The benefits for larger websites with 1,000 or even 10,000 visitors each minute would be even greater - still the five minute window, but this time serving 5,000 or 50,000 customers with only the single request to the server.
But what about the very personalised dynamic content that will only receive a few hits before it changes? Even if it’s five round trips to the server saved, it all adds up to a faster, better experience. And because the added time cost of caching data is incredibly small, it still makes sense to cache data even if that content will only be used a handful of times.
In short, instead of thinking,
“This object only gets served a few times; why would I cache it?”
the question should be the other way around:
“This object gets served more than once; why wouldn’t I cache it?”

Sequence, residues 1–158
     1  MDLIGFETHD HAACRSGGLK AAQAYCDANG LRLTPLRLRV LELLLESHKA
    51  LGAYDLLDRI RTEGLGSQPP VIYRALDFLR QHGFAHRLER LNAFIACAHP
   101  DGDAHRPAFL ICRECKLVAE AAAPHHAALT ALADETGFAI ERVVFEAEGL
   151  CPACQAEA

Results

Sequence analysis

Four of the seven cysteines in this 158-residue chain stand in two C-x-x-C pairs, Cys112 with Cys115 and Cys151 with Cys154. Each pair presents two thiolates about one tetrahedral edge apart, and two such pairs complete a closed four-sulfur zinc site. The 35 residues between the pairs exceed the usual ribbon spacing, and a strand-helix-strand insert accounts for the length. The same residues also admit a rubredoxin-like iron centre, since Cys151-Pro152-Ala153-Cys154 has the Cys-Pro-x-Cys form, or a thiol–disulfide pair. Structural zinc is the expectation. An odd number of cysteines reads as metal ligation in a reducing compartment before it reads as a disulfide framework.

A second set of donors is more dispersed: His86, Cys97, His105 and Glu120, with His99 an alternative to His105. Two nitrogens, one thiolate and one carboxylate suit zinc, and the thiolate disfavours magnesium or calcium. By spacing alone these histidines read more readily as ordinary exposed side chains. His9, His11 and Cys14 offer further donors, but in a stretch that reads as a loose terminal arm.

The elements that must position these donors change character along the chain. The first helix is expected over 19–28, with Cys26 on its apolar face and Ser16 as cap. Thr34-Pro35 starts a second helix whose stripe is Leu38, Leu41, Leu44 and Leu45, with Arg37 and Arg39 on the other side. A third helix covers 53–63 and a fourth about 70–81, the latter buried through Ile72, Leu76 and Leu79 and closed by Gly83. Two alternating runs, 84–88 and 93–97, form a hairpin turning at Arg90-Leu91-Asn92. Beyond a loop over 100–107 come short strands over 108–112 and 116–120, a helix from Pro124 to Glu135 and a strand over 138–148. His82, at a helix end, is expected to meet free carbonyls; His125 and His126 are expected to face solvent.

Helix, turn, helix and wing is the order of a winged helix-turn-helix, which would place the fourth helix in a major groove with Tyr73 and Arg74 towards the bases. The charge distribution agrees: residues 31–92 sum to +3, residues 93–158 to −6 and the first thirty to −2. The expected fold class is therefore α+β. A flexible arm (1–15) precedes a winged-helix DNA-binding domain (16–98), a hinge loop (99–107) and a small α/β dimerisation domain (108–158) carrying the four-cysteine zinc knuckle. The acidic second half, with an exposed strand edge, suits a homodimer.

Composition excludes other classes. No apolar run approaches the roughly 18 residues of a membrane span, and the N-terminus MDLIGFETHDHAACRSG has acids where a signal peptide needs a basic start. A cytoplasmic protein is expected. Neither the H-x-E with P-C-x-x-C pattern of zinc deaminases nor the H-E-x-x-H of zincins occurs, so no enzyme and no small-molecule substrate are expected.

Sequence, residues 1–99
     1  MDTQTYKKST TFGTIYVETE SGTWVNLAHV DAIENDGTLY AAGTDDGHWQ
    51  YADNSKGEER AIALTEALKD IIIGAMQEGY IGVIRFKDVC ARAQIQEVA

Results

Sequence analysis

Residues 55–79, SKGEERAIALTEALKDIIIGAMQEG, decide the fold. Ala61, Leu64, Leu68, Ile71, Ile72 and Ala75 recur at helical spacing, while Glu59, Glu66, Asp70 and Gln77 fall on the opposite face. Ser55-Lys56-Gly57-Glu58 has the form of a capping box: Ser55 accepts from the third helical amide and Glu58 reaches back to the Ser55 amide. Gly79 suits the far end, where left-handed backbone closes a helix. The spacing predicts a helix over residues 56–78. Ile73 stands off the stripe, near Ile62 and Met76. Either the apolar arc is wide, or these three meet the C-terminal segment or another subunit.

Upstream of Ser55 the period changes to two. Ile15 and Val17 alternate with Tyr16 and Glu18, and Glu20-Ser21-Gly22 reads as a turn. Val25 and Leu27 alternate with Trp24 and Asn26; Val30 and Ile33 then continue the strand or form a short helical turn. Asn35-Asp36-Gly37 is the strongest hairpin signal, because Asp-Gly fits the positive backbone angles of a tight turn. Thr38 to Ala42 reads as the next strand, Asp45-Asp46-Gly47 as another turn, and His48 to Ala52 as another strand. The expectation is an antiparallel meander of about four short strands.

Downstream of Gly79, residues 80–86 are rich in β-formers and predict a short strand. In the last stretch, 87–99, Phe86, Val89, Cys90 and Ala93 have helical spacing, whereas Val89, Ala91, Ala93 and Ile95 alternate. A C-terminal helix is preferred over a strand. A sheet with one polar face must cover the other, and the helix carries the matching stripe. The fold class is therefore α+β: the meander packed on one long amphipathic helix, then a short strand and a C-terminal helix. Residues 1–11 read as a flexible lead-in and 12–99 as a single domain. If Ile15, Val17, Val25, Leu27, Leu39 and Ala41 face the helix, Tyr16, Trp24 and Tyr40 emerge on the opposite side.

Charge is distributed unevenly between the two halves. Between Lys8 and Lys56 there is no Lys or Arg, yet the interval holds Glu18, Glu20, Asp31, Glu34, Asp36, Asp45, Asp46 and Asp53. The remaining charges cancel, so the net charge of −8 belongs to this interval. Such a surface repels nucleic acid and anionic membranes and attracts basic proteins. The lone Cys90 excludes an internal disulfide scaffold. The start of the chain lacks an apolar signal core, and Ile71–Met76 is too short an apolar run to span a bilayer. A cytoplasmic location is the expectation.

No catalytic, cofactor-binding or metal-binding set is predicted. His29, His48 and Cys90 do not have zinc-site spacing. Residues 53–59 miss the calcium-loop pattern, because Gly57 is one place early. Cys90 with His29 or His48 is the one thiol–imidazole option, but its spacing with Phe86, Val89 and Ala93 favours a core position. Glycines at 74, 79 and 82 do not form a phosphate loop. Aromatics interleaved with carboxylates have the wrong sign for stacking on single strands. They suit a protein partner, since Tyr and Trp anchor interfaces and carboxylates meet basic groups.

There's a paradox inherent in caching: the longer an object is kept in the cache, the greater the benefits. Unfortunately, there is also a higher chance that the object is out of date.
This remains especially true for eCommerce sites during peak sales and special events. Catalogue items must be kept up to date as inventory changes. If an item goes out of stock or a promotion has ended, the pages representing that item need to be updated immediately. Otherwise, the retailer risks the wrath of confused and angry consumers. The natural inclination is therefore to set a low TTL (Time to Live), but this defeats the point of the exercise - if you set a really low TTL you’re not fully benefiting from caching.
To get around this problem, Fastly provides customers with several ways to update their content instantly and on demand.
The nuclear option is the "Purge All" command, which dumps everything on your site from the cache using a simple call to the Fastly API: